When governments first began to respond to the economic crisis that arose in 2008, it seemed as if the lessons of Keynes had been learned by a sufficient number of world leaders for the worst excesses of depression to be avoided. The Brown-Obama connection ensured that large (although, for political reasons, probably not large enough) stimulus packages were passed both to shore up the financial architecture of the world’s economic system and to make it possible for the public sector to take up the load of providing employment and economic growth while the private sector is unable to do so.
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Simply put, Keynesianism is an intellectual adherence to the economic ideas put forward by John Maynard Keynes, whose influence in both the UK and the USA in the 1930s-1960s in particular was enormous. However, not everyone claiming to be a Keynesian appears to have actually read anything that Keynes wrote and, perhaps more importantly, lies and smears spread by the right wing media have for decades been aimed at trying to paint an inaccurate and often libelous picture of the man himself and his beliefs.
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Thailand’s economic development since the 1950s has relied primarily on import-substituting, export-oriented manufacturing with competitiveness based on low labour costs. Those low labour costs have been ensured through bringing new entrants into the labour market from the rural agricultural sector (or from among the ranks of migrant workers) and by suppressing the ability of workers to complain, secure freedom of association, collective bargaining and so forth.
However, having reached middle income status through this method, the time has come for new methods. Unfortunately, the current government seems unable to understand this. Meanwhile, in Vietnam, a lower cost competitor continues to reap the rewards – as Thai economic development has progressed, it has inevitably led to generally increased incomes that erode the basis of competitive advantage. It is also (slightly) less easy for the state to use violence to silence troublesome labour leaders – although attempts are still made.
The industrial estate management company, Amata, has announced new plans to buy land in Vietnam to help establish the East Asian Economic Model there. Industrial estates provide decent infrastructure together with the expectation of some incentives from the state to encourage investors to locate their factories there. Being labour-intensive, such estates tend to act as magnets to attract workers and their families (there is often also a gender element) and this then has an impact on the living conditions of the accommodation centres and also the home towns and villages of workers. Vietnam will out-compete Thailand in providing low cost labour force for manufacturing – so too will Cambodia in due course, although the workers there will need some of the education necessary to prepare them for a life in the factories.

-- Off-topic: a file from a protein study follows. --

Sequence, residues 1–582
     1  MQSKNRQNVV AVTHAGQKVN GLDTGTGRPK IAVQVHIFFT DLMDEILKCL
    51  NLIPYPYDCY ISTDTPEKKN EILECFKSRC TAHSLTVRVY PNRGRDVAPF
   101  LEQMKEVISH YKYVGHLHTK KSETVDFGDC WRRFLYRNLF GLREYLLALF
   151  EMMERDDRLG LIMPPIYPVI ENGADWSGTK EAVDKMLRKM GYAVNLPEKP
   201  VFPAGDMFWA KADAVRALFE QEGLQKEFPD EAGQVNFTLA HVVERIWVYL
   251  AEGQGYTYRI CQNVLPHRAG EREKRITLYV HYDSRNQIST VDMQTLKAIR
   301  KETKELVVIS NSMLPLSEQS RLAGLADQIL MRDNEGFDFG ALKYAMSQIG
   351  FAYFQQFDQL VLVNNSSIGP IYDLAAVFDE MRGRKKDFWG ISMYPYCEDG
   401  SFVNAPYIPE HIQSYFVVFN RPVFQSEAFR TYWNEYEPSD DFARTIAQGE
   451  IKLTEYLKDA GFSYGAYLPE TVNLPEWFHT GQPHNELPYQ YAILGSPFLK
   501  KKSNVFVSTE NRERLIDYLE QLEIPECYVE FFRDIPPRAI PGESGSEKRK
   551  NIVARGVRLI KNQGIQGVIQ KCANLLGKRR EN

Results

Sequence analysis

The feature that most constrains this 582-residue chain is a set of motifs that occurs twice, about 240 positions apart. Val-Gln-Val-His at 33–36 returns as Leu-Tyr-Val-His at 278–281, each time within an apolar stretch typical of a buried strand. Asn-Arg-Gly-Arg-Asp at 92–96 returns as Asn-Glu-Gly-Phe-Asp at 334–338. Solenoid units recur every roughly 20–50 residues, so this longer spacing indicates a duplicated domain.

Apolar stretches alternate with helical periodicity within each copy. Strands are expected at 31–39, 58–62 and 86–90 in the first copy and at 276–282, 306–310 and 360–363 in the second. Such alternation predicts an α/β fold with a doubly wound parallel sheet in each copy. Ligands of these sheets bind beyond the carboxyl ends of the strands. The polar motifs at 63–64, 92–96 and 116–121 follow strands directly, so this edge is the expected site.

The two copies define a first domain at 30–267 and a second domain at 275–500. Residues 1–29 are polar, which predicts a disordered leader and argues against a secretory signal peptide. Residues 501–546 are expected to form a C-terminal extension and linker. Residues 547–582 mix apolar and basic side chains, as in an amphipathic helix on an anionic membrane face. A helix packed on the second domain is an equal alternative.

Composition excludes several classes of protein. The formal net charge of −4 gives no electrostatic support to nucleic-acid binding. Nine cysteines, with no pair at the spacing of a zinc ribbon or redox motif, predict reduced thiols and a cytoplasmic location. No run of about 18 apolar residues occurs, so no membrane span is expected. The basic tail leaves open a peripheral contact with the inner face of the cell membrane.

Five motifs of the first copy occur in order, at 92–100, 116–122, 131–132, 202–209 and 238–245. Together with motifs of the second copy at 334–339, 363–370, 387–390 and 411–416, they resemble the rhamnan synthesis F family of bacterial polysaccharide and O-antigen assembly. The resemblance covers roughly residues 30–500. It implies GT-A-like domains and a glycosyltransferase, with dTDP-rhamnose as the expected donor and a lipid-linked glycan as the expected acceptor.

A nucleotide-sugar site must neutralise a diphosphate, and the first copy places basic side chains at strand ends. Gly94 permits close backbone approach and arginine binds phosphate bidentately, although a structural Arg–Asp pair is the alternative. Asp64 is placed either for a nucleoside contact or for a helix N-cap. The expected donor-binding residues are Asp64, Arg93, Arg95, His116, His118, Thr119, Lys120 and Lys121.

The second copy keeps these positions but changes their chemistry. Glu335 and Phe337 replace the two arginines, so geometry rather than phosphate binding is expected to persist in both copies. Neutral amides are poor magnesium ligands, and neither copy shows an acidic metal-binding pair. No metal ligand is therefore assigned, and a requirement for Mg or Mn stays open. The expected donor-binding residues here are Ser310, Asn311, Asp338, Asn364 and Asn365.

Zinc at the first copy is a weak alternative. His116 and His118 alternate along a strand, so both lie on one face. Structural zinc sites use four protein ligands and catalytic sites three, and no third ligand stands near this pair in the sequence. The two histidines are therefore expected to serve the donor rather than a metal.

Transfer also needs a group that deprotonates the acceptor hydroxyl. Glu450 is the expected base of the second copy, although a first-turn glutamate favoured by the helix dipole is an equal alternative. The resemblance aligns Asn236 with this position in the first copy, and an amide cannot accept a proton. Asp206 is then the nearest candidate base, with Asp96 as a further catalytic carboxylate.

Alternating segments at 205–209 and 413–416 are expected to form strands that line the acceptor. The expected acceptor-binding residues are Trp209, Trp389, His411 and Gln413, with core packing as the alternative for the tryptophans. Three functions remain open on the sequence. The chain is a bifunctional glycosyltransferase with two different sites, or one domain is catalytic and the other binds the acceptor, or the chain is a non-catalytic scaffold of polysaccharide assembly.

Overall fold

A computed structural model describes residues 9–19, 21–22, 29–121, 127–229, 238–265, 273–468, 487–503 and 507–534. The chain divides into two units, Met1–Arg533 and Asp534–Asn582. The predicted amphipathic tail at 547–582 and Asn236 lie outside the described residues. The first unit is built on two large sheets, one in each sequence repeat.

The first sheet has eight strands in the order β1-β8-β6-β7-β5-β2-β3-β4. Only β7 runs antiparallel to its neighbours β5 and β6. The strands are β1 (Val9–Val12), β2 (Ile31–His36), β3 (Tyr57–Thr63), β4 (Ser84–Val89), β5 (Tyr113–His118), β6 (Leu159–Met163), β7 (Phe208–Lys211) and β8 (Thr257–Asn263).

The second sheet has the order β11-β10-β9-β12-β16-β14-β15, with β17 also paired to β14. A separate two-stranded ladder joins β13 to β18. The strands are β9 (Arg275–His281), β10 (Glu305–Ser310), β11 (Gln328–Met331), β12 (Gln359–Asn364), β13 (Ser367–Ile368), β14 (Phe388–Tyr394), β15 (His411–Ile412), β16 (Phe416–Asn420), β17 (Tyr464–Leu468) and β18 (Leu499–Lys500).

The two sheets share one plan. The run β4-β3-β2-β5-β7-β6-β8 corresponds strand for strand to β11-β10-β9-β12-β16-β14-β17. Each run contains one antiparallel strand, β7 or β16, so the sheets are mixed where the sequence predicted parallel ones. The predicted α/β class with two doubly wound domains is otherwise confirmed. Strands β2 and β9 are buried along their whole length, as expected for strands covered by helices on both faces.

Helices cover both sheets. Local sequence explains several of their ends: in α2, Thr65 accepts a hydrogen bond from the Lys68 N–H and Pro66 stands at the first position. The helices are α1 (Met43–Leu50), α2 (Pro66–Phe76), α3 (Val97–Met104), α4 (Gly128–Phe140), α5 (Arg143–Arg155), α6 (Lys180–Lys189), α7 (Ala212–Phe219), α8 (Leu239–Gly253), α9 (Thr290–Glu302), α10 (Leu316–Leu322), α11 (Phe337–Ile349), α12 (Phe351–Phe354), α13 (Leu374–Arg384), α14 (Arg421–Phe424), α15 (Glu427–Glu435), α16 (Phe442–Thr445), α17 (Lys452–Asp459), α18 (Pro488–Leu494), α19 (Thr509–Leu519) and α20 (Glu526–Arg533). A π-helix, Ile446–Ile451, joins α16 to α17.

Despite what a number of people have suggested subsequently, few members of the mainstream commentariat predicted an imminent financial crash prior to its actually happening in 2008 (I excuse from this those whose belief system has convinced them of either the impending final crisis of capitalism or the end of the world). Two of those journalists and writers who actually did see something coming are Larry Elliott and Dan Atkinson, respectively of The Guardian and The Mail on Sunday, which is itself a somewhat contradictory sounding partnership.
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In the essay ‘Escape Velocity,’ concerning the ways in which technology has decoupled modern society from its assumptions of time and space, wrote:
“So, before our very eyes … the notions of centre and periphery are suddenly redefined. These now have less to do with the ‘space’ of surfaces and volumes than with ‘time,’ the time of that inflated present known as real time which today governs man’s activities on a worldwide scale.”*
As I wrote yesterday, Thailand under the Thai Rak Thai administration began the process of moving from the periphery (low-cost manufacturing outpost in which local labour forces are rented out to investors and kept under firm control) towards the core – represented by its recreation as a place in which value-adding activities take place. Virilio’s reconfiguration of time and place affect Thailand both as a country and on a provincial basis. As a country, its production facilities can coordinate with the leading global producers of knowledge and information, in a similar way in which Indian off-shore computer code centres produce the new data experiences of the western world.
On a provincial basis, it is to be hoped that new centres of production of knowledge and information emerge across the country (Phuket, for example, is lauded as a very pleasant and convenient place to live and work for footloose professionals in the creative industries) and this will spread influence and resources throughout the country, thereby reducing the problems of inequality of income and influence from which Thailand has been suffering so greatly.
This is contained in Virilio, Paul, Open Sky (London and New York: Verso, 2008), p.135.
At the end of the Second World War, the victorious allies met to determine the nature of the post-war economic architecture of the world. The purposes were various: create an economy that would act as a disincentive to war, act as a deterrent to the spread of Communism and integrate newly post-colonial states into the global polity.
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